Article

Coxibs versus combination NSAID and PPI therapy for chronic pain: An exploration of the risks, benefits, and costs

Harvard University, Cambridge, Massachusetts, United States
Annals of Pharmacotherapy (Impact Factor: 2.92). 07/2006; 40(6):1052-63. DOI: 10.1345/aph.1G493
Source: PubMed

ABSTRACT To systematically review studies qualitatively to compare the risks (gastrointestinal [GI] and cardiovascular) and benefits (pain control) of cyclooxygenase-2 inhibitors (coxibs) relative to an alternative therapy of a nonselective nonsteroidal antiinflammatory drug (NSAID) combined with a proton-pump inhibitor (PPI) and explore circumstances when coxibs may be appropriate.
Relevant studies were identified through a search of MEDLINE (Ovid Technologies, 1985-November 2005; English language, clinical trial), PubMed (1985-November 2005; English language, clinical trial, humans), and the Cochrane Collaboration using the terms selective COX-2 inhibitors and coxibs, as well as the various chemical names for specific coxib agents. Studies that compared a coxib with a nonselective NSAID and provided data concerning our outcomes of interest were included and categorized by the outcome variable, as well as by the specific coxib studied.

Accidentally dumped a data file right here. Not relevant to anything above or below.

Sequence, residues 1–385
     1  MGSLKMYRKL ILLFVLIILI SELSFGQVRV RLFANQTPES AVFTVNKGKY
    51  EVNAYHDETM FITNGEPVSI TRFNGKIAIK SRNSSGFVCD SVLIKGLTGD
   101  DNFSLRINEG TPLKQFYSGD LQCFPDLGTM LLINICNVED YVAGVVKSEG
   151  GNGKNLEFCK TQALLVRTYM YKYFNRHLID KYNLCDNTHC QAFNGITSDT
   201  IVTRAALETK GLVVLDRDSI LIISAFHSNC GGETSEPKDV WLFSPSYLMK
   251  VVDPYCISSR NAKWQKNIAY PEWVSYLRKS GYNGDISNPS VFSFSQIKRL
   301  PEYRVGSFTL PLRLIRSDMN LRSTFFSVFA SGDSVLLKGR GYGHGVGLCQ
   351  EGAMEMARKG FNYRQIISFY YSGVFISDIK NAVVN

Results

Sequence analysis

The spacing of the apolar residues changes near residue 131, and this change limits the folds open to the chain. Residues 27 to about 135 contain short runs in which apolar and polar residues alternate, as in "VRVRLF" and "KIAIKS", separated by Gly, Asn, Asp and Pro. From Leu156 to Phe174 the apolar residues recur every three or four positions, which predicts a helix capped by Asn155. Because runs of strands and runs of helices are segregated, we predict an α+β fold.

The majority of the numerous studies that evaluated pain as an endpoint showed no difference between coxib and nonselective NSAID therapy. However, while limited, preliminary safety data regarding the effects of both classes on the upper and lower GI tract suggest coxib superiority. Although coxibs are associated with an increased risk of cardiovascular adverse events (CVEs) compared with placebo, this effect has not been conclusively shown compared with nonselective NSAIDs. Currently, coxib therapy is more expensive than combination therapy using a nonselective NSAID plus a PPI.
Compared with combination therapy including a nonselective NSAID and PPI, coxibs provide equivalent pain control and may have a lower GI tract complication profile, but at an unknown increased risk of CVEs and a greater financial cost. Coxib therapy may be an appropriate treatment for chronic pain in select patients with higher risks of GI complications, lower risk of CVEs, and in whom greater cost is not a restraint.

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    • "However, the expression of COX-2 is induced as a response of inflammation whereas COX-3 was observed to be abundant in the cerebral cortex [2] [3]. All NSAIDs have a similar effect on reducing pain [5] [6]. These include the selective NSAID or COX-2 inhibitor, Celecoxib, nonselective NSAIDs, such as ibuprofen and aspirin, and partially selective NSAIDs, such as meloxicam, nabumetone, and etodolac. "
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    12/2012; 2012:657472. DOI:10.5402/2012/657472